The U.S. Securities and Exchange Commission’s Risk Alert provides additional information regarding the Division of Examination’s risk-based approach for both selecting registered investment advisers to examine and in determining the scope of risk areas to examine. It sets out the documents and information that staff will initially request as well as additional requests for information and documents from the adviser the staff may request as the examination progresses. Firms need to be aware that electronic communications–with all of the modalities such as emojis, GIFs, additions and deletions–are specifically included in the regulator’s risk-based approach.
Some of the reasons the Division may select an adviser to examine include, but are not limited to, one or more of the following:
- the firm’s risk characteristics
- a tip, complaint, or referral
- the staff’s interest in a particular compliance risk area – one of which is clearly recordkeeping given the recent expansion of enforcement action to include investment advisers.
There are also firm-specific risk factors that the staff considers when selecting advisers for examination, such as those related to a particular adviser’s business activities and regulatory history.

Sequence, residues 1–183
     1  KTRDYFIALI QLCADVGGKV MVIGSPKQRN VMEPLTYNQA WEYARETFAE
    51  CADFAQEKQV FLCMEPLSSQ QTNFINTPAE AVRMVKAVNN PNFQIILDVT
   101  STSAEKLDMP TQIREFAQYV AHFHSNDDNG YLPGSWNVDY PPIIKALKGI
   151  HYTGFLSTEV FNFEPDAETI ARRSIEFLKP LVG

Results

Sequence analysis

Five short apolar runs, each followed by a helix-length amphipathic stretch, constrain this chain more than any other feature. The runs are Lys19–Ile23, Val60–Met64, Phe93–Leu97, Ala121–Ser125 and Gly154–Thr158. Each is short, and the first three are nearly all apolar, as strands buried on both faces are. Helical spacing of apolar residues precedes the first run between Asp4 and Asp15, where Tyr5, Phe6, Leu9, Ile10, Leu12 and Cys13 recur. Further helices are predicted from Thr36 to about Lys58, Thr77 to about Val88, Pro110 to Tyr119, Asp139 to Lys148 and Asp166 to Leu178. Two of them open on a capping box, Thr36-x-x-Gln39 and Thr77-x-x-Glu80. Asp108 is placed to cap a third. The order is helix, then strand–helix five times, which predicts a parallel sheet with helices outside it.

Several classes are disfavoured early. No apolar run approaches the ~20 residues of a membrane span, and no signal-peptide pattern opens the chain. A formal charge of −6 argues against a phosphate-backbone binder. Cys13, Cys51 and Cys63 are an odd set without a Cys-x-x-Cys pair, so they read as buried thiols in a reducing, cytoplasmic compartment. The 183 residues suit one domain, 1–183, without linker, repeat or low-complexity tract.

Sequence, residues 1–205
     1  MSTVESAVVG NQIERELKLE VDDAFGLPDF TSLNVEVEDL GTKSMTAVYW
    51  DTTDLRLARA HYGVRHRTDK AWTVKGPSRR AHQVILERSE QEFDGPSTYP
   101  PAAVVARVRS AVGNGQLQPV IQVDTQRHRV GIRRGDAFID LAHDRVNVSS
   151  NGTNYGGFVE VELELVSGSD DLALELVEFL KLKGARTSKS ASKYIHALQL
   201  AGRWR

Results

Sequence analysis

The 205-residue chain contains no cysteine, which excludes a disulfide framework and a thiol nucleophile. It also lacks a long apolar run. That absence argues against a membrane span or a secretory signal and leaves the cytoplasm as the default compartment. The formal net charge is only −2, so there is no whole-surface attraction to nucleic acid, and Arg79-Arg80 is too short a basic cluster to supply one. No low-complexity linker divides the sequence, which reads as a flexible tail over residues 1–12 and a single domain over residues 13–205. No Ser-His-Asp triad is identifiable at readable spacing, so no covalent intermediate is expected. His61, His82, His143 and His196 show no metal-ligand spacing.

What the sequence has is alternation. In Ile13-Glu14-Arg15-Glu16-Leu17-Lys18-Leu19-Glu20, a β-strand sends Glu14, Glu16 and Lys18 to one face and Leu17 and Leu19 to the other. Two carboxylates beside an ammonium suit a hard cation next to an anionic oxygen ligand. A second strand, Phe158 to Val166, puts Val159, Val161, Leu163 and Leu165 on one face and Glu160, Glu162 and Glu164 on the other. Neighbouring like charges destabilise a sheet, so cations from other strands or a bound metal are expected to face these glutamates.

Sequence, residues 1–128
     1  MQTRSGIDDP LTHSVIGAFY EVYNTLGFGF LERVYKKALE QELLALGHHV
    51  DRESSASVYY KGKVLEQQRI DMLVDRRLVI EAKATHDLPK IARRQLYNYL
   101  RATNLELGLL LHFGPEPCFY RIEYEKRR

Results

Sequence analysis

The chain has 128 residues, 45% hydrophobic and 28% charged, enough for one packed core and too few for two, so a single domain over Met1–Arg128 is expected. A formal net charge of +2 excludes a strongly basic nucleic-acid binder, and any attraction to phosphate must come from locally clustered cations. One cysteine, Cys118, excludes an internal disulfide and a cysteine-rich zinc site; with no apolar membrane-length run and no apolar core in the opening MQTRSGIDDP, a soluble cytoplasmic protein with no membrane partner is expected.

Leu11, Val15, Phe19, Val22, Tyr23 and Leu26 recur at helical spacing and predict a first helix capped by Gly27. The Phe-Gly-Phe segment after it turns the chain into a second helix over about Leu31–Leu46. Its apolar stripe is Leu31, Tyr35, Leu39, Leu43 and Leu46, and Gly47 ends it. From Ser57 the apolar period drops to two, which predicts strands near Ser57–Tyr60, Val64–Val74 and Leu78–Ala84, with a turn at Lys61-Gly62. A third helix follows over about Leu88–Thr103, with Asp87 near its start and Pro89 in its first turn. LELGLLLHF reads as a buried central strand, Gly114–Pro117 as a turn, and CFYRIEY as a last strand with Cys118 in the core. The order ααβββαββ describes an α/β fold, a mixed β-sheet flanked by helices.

Examinations typically include reviewing advisers’ operations, policies and compliance practices with respect to certain core areas. Information regarding the compliance program, risk management, and internal controls includes specifically complaints, correspondence and electronic communications. As well as the process for monitoring those communications.
Firms need to be aware that the scope of electronic communications need to be considered. For instance, the expectation is that a firm can identify, capture, search for and retrieve an angry face emoji which may well be deemed a complaint.
During an examination, the regulator’s staff will request documents and information and will expect the firm to be able to retrieve all the requested records promptly in order to be able test the effectiveness of the adviser’s compliance policies and procedures for monitoring, mitigating, and managing risks. Simple policy maintenance is not enough – firms need to be able to evidence that their policies and procedures are working in practice.